New iPad charging just fine: Apple

New iPad charging just fine: Apple

Summary: Apple says its latest iPad model has been designed to keep charging, even after its indicator says it's reached 100 per cent.

TOPICS: Apple, Hardware, iPad

Apple says its latest iPad model has been designed to keep charging, even after its indicator says it's reached 100 per cent.

(Credit: CBSi)

Following questions about the accuracy of the new iPad's battery status indicator and its recharging technology, Apple now says that it's part of its software to continue charging and discharging the battery when it nears 100 per cent, and that there's no harm in leaving it plugged in.

"That circuitry is designed so you can keep your device plugged in as long as you would like," Apple VP Michael Tchao told AllThingsD. "It's a great feature that's always been in iOS."

Last week a report from research firm DisplayMate made waves for saying that Apple's latest iPad was not fully charged when it showed a 100 per cent reading on its indicator, adding that Apple's maths for calculating that charge was off. In a follow-up yesterday, DisplayMate suggested that this process could actually damage the longevity of the battery.

Apple's latest iPad has a considerably more powerful battery than its predecessors, jumping from a 25-watt-hour lithium-ion battery to a 42.5-watt-hour battery. That change came in order to power a display with four times the number of pixels as previous generations, a dual-core processor with a quad-core graphics chip and 4G LTE wireless networking on some models.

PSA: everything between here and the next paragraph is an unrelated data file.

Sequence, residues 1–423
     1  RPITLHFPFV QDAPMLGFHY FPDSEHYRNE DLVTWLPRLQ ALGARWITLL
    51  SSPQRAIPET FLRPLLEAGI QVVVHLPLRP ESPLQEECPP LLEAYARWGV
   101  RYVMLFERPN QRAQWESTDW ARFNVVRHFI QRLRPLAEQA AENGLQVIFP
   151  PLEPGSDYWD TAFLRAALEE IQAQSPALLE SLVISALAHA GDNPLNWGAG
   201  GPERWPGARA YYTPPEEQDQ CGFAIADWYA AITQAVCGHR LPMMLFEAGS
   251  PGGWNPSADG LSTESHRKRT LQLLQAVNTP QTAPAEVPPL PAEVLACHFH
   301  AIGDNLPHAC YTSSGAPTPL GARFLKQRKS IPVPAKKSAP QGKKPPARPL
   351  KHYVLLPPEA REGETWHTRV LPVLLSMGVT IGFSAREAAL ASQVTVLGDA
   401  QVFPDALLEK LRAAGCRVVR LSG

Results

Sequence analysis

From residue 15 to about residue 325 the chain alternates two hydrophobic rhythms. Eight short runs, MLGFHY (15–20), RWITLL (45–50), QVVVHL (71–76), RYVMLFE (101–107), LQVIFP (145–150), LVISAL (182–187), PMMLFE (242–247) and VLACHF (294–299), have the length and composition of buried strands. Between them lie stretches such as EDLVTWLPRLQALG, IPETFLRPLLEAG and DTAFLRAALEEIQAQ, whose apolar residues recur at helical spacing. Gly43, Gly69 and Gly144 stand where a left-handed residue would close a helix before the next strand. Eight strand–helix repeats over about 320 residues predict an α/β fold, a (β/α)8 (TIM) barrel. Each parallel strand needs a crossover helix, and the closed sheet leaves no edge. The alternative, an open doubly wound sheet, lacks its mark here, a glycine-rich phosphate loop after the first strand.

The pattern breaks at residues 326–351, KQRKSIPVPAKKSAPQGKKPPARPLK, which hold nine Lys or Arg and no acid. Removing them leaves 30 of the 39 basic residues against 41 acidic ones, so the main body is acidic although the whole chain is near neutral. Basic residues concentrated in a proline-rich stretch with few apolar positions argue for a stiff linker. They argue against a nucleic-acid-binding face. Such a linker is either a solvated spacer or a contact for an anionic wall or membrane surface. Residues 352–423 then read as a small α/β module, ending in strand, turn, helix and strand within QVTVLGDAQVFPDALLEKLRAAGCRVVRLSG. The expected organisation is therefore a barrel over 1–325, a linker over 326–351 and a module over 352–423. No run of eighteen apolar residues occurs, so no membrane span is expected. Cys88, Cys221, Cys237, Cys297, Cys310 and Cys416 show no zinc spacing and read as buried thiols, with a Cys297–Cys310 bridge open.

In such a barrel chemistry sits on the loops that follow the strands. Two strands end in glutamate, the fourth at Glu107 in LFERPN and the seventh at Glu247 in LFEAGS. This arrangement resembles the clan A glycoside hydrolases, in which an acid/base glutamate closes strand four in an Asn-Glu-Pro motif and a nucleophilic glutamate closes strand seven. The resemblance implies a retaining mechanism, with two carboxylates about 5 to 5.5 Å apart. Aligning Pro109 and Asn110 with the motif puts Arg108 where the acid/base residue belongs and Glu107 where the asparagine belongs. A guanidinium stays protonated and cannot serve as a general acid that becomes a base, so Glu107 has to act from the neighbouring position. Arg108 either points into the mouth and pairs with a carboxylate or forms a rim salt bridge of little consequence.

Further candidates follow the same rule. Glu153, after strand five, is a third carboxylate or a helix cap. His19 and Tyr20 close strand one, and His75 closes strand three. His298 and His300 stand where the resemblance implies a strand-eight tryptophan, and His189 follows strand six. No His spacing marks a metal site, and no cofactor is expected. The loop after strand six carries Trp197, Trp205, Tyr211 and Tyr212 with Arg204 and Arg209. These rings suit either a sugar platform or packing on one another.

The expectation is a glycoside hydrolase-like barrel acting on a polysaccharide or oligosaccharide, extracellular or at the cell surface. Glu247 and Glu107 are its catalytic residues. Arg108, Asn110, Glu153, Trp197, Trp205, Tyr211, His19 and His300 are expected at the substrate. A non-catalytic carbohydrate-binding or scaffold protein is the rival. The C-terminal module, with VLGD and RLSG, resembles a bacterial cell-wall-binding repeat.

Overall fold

Apple rates its latest iPad at 10 hours over Wi-Fi, and nine hours for models with 4G LTE wireless networking. In ZDNet Australia's sister site CNET's own testing, it was found it to be very nearly the same to that of the iPad 2, and they were able to push the tablet to nearly 13 hours when viewing a movie with Airplane mode enabled.


Topics: Apple, Hardware, iPad

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  • This isn't anything new for Lithium Polymer batteries and doesn't constitute any 'special feature' of Apple devices.

    Lithium Polymer batteries, as used in iPads, use a delta-peak charging method. Most delta-peak chargers will charge a battery to 100% and then go into a trickle mode.

    How this trickle mode works varies, but it is normal for a 'full' battery to take on additional charge at trickle rates. This would explain DisplayMates well intentioned but ill informed comments.

    I doubt there is any specific functions either in the hardware or the software of an iPad that controls charging. It's more likely that the software detects the battery state and merely reports it.
    Scott W-ef9ad